Space: India Builds Its Own GPS


January 16, 2011:  India recently announced that it is going to have its very own Global Positioning System (GPS) by 2014. This was driven more by feelings that India was lagging too far behind China. While India’s $355 million Indian Regional Navigation Satellite System (IRNSS) was a right step in the right direction, of reducing the technology lead China has, India needs to calibrate its strategic programs to cope with China, which is the biggest potential threat.

Under the IRNSS program, India will have a constellation of seven satellites, to be raised to eleven later, which will give unprecedented operational war-time leverage to the Indian military, apart from serving as an excellent infrastructure for a host of civilian applications like in the fields of civil aviation, agriculture and fisheries. Unlike the American GPS, the IRNSS will have a limited range and that explains the ‘R’ in IRNSS. However, it will provide an absolute position accuracy of more than 20 meters throughout India and within a range extending to about 2,000 kilometers around India. The IRNSS will make a huge contribution to the country’s counter-terrorism efforts as it will quickly pass specific data about impending infiltrations in border areas so that the security forces are able to deal with the infiltrators even before they enter the Indian territory. In short, infiltration by terrorists will become a thing of the past once the IRNSS gets operational by 2014.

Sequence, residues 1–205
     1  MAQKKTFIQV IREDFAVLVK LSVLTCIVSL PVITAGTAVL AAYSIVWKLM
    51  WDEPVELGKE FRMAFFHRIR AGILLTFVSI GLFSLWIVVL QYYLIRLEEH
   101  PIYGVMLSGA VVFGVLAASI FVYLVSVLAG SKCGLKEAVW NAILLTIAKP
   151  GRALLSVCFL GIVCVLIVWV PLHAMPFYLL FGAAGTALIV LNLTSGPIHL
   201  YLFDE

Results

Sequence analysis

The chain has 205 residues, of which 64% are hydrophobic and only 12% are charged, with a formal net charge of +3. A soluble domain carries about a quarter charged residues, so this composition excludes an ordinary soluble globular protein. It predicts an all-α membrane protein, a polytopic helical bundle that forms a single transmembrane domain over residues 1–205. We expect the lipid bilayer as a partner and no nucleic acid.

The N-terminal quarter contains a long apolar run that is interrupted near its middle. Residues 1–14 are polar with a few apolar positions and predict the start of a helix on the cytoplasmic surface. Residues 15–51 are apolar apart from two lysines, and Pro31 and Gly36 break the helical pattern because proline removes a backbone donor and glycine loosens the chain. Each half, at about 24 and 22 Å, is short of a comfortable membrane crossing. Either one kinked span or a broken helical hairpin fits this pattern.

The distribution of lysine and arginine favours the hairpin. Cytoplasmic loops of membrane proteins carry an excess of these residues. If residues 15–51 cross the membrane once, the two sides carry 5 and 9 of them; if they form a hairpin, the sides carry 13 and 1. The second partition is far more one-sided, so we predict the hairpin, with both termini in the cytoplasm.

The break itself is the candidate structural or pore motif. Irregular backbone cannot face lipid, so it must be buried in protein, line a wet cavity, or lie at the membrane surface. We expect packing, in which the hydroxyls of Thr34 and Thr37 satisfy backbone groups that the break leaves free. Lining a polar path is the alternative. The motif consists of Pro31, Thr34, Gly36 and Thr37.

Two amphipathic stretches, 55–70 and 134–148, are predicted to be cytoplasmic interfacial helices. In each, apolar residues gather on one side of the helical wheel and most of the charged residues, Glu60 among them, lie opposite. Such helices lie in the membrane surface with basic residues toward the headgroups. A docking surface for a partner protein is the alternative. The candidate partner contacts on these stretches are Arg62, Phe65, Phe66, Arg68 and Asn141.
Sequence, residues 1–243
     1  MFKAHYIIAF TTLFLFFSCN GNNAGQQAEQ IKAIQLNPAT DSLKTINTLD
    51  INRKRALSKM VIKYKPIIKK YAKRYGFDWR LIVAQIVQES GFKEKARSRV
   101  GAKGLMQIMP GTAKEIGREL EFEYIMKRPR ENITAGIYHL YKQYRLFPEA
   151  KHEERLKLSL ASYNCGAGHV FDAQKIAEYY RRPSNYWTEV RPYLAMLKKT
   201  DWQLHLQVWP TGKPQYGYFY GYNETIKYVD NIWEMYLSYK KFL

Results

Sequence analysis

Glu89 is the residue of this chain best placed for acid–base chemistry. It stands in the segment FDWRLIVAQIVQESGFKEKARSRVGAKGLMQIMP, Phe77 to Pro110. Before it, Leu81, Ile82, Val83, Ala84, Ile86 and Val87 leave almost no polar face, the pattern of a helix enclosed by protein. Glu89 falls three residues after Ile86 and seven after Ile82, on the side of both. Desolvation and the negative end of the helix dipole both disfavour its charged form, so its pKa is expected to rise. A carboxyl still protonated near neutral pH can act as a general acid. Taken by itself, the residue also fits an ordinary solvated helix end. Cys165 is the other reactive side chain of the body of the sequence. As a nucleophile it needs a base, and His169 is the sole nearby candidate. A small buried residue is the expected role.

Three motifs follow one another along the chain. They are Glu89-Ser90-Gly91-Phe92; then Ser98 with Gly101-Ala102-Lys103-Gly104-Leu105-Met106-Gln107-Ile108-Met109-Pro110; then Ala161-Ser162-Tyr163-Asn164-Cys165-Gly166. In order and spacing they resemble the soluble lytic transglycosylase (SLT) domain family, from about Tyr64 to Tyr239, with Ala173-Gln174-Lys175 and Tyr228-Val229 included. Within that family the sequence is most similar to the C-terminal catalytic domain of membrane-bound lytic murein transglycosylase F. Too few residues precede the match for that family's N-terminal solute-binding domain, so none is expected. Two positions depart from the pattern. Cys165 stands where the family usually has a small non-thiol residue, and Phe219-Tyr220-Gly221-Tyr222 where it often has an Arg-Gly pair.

The IRNSS will, however, be eclipsed by China’s satellite navigation system Compass that may also get operational around the same time. The Chinese Compass will have a string of as many as 35 satellites, including five geostationary ones and the rest Medium Earth Orbit (MEO) satellites. Compass will cover the entire globe. The necessity of a military satellite navigation system for a nation comes to the fore during war times. Depending on a foreign SatNav system like GPS can leave Indian aircraft and weapon systems at a disadvantage. The American military grade GPS can be restricted to only U.S. forces and close American allies.

A ray of hope had arisen some eight years ago when the European Galileo GPS  emerged as the potential rival to the GPS. India and China became partner countries in the Galileo program with ten per cent share each, but the project has encountered one delay after another, and is still not past the prototype stage. Moreover, the European consortium never agreed to allow India or any other country have military usage of Galileo. The strategic importance of the IRNSS is enhanced all the more against this backdrop. India needs to spend much more in the IRNSS program. For example, Russia has nearly returned its GLONASS GPS system to full use, and is increasing other space related operations. GLONASS was at full strength (24 satellites) in 1995, shortly after the Cold War ended in 1991. But the end of the Cold War meant the end of the regular financing for GLONASS. Maintaining the system required launching replacement satellites every 5-7 years. There was no money for that in the 1990s. By the end of 2002, only seven GLONASS birds were still operational. Russia has since sent billions to rebuilt and maintain GLONASS. India will face the same problems, for once you build something like IRNSS, you have to spend a lot more to keep it operational.– Rajeev Sharma





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